Prior to starting this unit, students will need to have developed foundational knowledge of the legislative, executive, and judicial branches, as well as the ways in which these branches work to check one another. As they work through this unit, students will develop an understanding of the fact that the decisions of the Supreme Court are unlikely to be too far out of alignment with to current public sentiment and generally reflect the ideologies of the presidents that appoint them. Therefore, in times that the country tends to behave more Conservatively, the Supreme Court will do the same, and vice versa. This background information will enable students to make comparisons across time. The unit will lead students through an investigation of how the Supreme Court reacted to and enforced the Civil Rights amendments that were passed following the conclusion of the Civil War. From this, they will be able to determine that a more Conservative judicial branch can lead to degressive implementation of progressive legislation. The Conservative leanings of this era were foreshadowed by rulings such as that made in Scott v. Stanford, which upheld the practice of slavery and determined that former African Americans would never be able to gain citizenship. Although Congress had the responsibility of developing public policy that was in accordance with the thirteenth, fourteenth and fifteenth Amendments, it was the judicial branch that had the responsibility of interpreting them. Rulings were made by these Conservative-leaning Supreme Court justices on over one hundred and fifty cases relating to the Reconstruction Amendments in the last twenty five years of the century, which shaped how Americans interpreted the recently-passed Amendments.1

The rulings of the Supreme Court during the post-Civil War era will be contrasted with those made following Eisenhower’s appointment of Justice Warren to the Supreme Court in the 1950’s. The Warren Court that followed is markedly different from the first Judicial era students will be studying, due to the liberal leanings of justices at this time. Even though many of the landmark cases from this era related to Civil Rights, as those following the end of the Civil War, a Judicial branch that interpreted the Constitution more liberally allowed for this time period to be remembered for setting progressive precedent. These cases, such as Brown v. Board of Education and Gideon v. Wainwright, will demonstrate that the Judicial branch used its role to interpret the Constitution in a way that led to the expansion of America’s federal government.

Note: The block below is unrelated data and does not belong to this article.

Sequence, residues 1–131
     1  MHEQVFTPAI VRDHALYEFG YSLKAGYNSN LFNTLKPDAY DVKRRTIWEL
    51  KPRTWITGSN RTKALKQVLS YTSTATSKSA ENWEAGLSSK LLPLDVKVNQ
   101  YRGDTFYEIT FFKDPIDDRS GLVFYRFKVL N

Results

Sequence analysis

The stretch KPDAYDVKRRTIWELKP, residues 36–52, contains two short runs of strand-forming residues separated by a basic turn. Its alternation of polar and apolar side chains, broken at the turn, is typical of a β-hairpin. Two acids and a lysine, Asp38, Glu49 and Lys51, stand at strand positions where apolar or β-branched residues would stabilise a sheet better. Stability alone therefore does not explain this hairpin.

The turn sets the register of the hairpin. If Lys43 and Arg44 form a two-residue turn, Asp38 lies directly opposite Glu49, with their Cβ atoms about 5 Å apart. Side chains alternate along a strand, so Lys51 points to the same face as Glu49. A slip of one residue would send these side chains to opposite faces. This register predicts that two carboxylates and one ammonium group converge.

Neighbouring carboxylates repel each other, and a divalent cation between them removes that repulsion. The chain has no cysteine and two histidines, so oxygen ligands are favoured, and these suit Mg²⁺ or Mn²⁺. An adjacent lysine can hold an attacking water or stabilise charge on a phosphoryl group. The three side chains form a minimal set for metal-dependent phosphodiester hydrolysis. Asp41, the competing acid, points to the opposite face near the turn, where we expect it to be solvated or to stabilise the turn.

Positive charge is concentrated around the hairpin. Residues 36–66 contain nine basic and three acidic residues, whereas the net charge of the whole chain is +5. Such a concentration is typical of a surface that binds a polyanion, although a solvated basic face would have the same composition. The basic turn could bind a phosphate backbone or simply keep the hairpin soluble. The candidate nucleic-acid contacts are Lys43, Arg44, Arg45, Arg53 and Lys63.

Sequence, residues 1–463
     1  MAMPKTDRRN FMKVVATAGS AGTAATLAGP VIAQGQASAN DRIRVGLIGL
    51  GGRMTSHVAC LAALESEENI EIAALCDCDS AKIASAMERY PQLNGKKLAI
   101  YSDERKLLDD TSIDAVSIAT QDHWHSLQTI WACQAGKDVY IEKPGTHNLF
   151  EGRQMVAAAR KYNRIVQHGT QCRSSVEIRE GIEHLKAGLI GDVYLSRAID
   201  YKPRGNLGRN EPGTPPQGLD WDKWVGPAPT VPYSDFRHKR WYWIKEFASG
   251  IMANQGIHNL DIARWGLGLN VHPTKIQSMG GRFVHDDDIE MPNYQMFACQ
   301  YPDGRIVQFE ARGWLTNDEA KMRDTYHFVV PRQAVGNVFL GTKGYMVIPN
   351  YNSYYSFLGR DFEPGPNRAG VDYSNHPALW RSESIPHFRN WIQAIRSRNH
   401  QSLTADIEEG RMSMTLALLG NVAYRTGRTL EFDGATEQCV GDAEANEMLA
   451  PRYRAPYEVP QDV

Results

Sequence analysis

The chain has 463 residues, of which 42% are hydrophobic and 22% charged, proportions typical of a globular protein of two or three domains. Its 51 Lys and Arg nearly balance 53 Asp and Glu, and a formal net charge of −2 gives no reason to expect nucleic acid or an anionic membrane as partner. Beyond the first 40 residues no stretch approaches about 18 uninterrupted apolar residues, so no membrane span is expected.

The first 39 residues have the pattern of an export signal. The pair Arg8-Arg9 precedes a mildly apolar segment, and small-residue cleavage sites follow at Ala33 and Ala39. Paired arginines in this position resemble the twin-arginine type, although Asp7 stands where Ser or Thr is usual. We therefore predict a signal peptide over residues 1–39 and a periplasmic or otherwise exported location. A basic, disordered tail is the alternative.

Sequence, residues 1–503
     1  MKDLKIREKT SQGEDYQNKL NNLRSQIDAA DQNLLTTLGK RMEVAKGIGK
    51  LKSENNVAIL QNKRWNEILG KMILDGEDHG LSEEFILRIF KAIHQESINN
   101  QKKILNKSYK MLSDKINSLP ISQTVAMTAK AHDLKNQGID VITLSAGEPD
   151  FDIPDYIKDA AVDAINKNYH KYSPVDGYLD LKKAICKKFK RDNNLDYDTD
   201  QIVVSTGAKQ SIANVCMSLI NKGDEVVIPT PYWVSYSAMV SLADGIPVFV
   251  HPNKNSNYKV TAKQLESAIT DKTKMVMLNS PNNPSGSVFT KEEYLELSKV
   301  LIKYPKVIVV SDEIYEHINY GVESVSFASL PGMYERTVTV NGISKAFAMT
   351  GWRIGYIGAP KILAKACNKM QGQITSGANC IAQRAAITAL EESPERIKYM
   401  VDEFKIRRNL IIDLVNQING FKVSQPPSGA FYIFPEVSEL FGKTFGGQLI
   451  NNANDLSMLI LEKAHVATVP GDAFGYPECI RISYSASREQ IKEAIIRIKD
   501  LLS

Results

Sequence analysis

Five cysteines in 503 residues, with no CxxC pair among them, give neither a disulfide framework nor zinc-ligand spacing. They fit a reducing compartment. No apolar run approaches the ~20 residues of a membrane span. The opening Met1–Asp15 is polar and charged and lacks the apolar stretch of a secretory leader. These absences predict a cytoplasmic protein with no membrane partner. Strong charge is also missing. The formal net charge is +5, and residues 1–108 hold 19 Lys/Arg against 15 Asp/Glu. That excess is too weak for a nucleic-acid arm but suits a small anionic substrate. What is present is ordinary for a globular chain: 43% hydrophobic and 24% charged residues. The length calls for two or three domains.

The content of this unit and its’ the comparisons it makes across time make a discussion of the Supreme Court today a natural fit as the conclusion. The nation has once again reached a time where Civil Rights have come to the forefront and cases related to the topic are making their way to this level of the judiciary. The Judicial branch is currently made up of four justices that were appointed by democratic Presidents and five that were appointed by Republicans, giving it a fairly even split between liberals and conservatives, and the rulings they have delivered in June 2020 alone have had a significant impact on Civil Rights in America. Therefore, it would be beneficial for students to conclude this unit by understanding that the Supreme Court having the ability to allow for and constrain change is not something that was restricted to the Reconstruction era or mid-twentieth century, but evaluating the impact the most recent Supreme Court decisions are having on the government’s ability to change.

Learning Objectives

As students work through this unit, they will gain an understanding of the role that the Supreme Court plays in shaping the United States’ government. They will develop an understanding of the Constitutional articles that define the Court’s role, as well as the implied powers that have developed over time, creating a judicial branch that has the ability to both allow for and limit political change.

In learning about the Supreme Court, students will explore the roles justice ideologies and public opinion play in the cases that the court chooses to take on, as well as the decisions that are handed down. These ideas will be explored by comparing the actions of the court the Chase Court that ruled in the years following the Civil War, to the Warren Court of the mid-twentieth century and actions taken by the Supreme Court today.

Content Objectives

The United States Constitution

“We the people” is a phrase that Americans are inherently familiar with. Hearing it is likely to evoke images of red, white and blue billowing in the breeze and thoughts of freedom from tyranny. However, the words that follow the Constitution’s preamble and provide the framework for governance in the United States of America are likely to be less familiar. In writing the Constitution, its framers wanted to create a government that would balance powers in a way that prevented the dominating strength of central government that they had experienced as a part of England’s unitary government structure, while also rectifying the disjointed local governments that were made powerful under the Articles of Confederation. These desires, paired with the need to promote interstate commerce, protect property rights, and persuade citizens to participate, led to the creation of the 4,543 word plan for governing, which was ratified on June 21, 1788.2